Finally, Saga came along, and me with no Dark Ages figures. I have enough figures for two armies (plus two DBA-sized armies) and it seems like the pre-Conquistador period lends itself nicely to these rules and game design. So I decide to mount up a few on single bases and give Saga a try (which I reported on in the last entry). I use the Aztecs as Vikings (a melee-oriented army) and the Tlaxcalan enemy as Welsh (a missile-oriented army). I am currently playing another game – finding all sorts of errors Don and I made in our first effort – but using the Aztecs as Anglo-Danish instead (the Tlaxcalans still as Welsh).
atlatl, is a Noble's weapon, largely because of the skill and extensive training that an atlatl requires.
I considered making an atlatl-fire javelin better than a Western javelin, as it had a longer range and more penetrating power. In the end, limiting it to the Hearthguard and the Warlord has the necessary effect; its shooting is more effective because of the thrower.
It is definitely my intention to make both Aztec and Tlaxcalan battle boards. The Tlaxcalans, being missile-oriented and with a large percentage of bows, will have a number of the abilities oriented towards their use. I started off by listing all of the current factions' (including the Byzantines and Arabs from Wargames Illustrated) abilities in a spreadsheet. This helps me understand what abilities exist, and what the 'price' (in terms of Saga dice) of each should be. So far I have come up with the following:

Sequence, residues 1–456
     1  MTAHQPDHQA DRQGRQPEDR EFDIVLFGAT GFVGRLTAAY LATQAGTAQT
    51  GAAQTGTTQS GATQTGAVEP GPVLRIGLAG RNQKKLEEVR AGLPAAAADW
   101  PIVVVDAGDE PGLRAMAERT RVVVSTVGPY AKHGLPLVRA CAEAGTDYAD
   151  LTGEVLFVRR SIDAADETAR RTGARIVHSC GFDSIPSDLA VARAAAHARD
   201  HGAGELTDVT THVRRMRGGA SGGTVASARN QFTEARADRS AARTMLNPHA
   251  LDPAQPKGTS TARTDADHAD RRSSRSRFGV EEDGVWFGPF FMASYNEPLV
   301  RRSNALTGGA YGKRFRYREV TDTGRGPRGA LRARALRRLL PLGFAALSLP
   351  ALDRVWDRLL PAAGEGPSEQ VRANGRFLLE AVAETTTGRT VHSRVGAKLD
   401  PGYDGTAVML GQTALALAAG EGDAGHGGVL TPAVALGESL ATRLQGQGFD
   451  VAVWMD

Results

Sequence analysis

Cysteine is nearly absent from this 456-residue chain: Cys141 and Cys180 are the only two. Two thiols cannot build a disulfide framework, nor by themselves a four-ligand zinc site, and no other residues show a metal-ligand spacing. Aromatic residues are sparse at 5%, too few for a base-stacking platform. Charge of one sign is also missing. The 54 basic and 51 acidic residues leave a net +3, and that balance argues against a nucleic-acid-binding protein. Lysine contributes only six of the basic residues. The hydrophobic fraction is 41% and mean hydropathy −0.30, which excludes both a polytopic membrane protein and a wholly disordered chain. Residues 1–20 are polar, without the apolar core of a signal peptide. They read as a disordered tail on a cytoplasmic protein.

|Activation Pool||Orders||Roll two additional SAGA dice.||R|
|Attack Pool||Shooting||Gain one Attack die (or two Attack dice if the die discarded was R).||C or UC or R|
|Harassing Fire||Activation/Reaction||If an enemy unit is activated for movement and can be shot by one of your units, reduce its movement (from L to M, M to S, S to VS). You cannot reduce movement below VS.||C|
|Loose Arrows!||Activation||Activate all of your units for Shooting. No unit gains FATIGUE with this activation.||UC + R|
|Massed Volley||Orders||Until the end of your turn, the range of your missile weapons is doubled (i.e. bows to 2 x L, javelins to 2 x M, etc.).||UC|
|Aimed Volley||Shooting||Re-roll any Attack dice that failed to hit the target.||C + UC|
|Eye of the Eagle||Shooting||Gain three Attack dice (four Attack dice if a R die was discarded)||UC or R|
|Deadly Arrows||Shooting||Discard half the Attack dice your unit generates. Decrease the Armour value of the target by 2.||C or UC or R|